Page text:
The challenge for land surveyors and other field professionals is that critical information can't always be accessed when they need it. Then when they can get it, information is still missing, requiring them to do considerable manual work to fill the gap.
This double quandary hasn't gone unnoticed by mapping software companies that are trying to solve both issues.
Anytime, Anywhere Access
“Surveyors need continuous access to mapping data no matter where they are,” says Stewart Berry, director of product management, mapping software at Caliper, a mapping and transportation software provider. “They might need standard GPS and GIS information, but their field operations might also demand that they have visibility of other trucks and individuals on the project, and where they are locationally.”
Delivery of this information could come over a mobile device, which is especially suited for field-based operators. Data can also be delivered from office desktops to field-based mobile devices in near-real-time, eliminating much of the work that surveyors must do back at their offices to finish a job.
“The great facilitator of this flexible access is the Internet cloud,” says Donny Sosa, survey industry manager, ESRI, a mapping software provider. “By relying on cloud-based apps and storage, field operators are far less dependent on their home offices.”
Sosa notes that over the last 12 to 18 months, one of the biggest benefits that mapping software has been delivering to surveyors is access to geographical information created, shared and delivered by anyone using a mapping software platform that supports such collaboration. It has also reduced the hassle of having to work with different file formats that are coming in from different networks.
“We are aware of research that indicates that surveyors spend 50 percent of their time locating data that is stored between their offices and in the field,” Sosa says. “This is why we focus on the Internet and cloud-based technology as being the intermediaries of data storage and access … It eliminates the need to physically chase after data.”
An Expanding Role for GIS
GIS integration and a growing number of GIS applications that can interact directly with mapping software to produce richer information is a major focus for mapping software vendors.
Software manufacturers have also added map templates that come packed with GIS information that users can simply modify to fit their own purposes.
“We offer nine different base maps with highly detailed information that you can tailor for your needs,” Sosa says. “These maps come with detailed imagery of the region being mapped. They also have topographic maps. If you zoom on the maps, you can actually see elevations. You can also get water charts, ocean charts and street information.”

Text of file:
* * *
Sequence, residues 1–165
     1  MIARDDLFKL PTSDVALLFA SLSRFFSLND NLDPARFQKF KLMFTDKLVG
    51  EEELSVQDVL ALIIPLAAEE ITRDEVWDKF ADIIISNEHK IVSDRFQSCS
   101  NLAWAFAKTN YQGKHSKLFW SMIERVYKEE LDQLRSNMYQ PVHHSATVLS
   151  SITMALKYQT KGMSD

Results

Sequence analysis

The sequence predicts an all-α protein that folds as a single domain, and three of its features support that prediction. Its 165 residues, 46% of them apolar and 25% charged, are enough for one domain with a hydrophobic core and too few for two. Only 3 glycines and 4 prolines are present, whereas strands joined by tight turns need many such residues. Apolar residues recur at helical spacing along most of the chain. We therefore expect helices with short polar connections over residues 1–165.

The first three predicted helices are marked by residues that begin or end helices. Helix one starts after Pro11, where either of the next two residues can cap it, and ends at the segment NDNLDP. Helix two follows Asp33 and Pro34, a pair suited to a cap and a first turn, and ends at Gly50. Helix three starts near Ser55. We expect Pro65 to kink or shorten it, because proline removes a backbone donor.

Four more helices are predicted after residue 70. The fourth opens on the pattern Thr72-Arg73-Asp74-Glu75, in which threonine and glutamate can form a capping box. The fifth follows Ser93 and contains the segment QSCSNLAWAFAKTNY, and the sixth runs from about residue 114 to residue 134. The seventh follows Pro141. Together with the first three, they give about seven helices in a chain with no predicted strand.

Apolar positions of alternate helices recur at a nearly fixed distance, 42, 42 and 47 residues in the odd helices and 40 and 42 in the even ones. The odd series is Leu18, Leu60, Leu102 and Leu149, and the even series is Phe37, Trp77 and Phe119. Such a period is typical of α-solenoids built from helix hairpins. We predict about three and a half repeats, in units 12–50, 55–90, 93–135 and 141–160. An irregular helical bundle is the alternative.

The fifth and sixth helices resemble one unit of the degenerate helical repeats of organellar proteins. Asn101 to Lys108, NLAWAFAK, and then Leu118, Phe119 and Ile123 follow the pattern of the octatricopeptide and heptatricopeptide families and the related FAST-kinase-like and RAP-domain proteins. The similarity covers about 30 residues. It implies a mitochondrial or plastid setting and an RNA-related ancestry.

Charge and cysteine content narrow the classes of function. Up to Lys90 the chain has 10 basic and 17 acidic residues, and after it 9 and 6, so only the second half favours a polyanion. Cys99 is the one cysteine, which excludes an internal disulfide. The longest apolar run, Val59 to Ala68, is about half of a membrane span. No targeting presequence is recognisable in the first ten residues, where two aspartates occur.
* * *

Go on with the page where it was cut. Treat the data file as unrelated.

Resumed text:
Sosa says that the choice of different map formats aligns itself well with the different mapping technology needs in various industries. For example, if you are in the waterworks industry, there are click-and-start mapping applications that you can choose from. They help you avoid having to start all of your maps from scratch because the applications have most of what you need.
“We are a GIS as well as a mapping system,” says Caliper’s Berry. “The end goal in mapping software is to make both GIS and mapping easier for users … A user like a surveyor can get ‘wizards’ that can direct him to important data and functions, but he also has the opportunity to do his own deep diving into the software if he chooses to. We provide programming tools that enable sites to customize the software to their own particular workflow and work needs.”
Fast-Forwarding to the Future
Both Sosa and Berry agree that emerging technology trends will have to be addressed by mapping in the future.
“We need to be aware of drone-to-map solutions, which will be invaluable in agriculture, utilities, government, transportation and forestry, to name several industries,” Sosa says. “Within these contexts, the ability to provide a GIS, GPS, plus image and Android access will be in high demand.”
“Also look for greater integration between mapping and 3D software,” Berry adds.
The goal, of course, is to bring new mapping tools to the desks and the field locations of surveyors and others so they can do work faster, and with greater completeness.
“You can’t stop people from working alone, or from going through an iterative process of producing drafts and then finals of their work, and you can’t change them if they don’t want to collaborate,” Sosa says. “But by enabling new capabilities together with data storage that creates universal access from anywhere, we can incrementally improve the process.”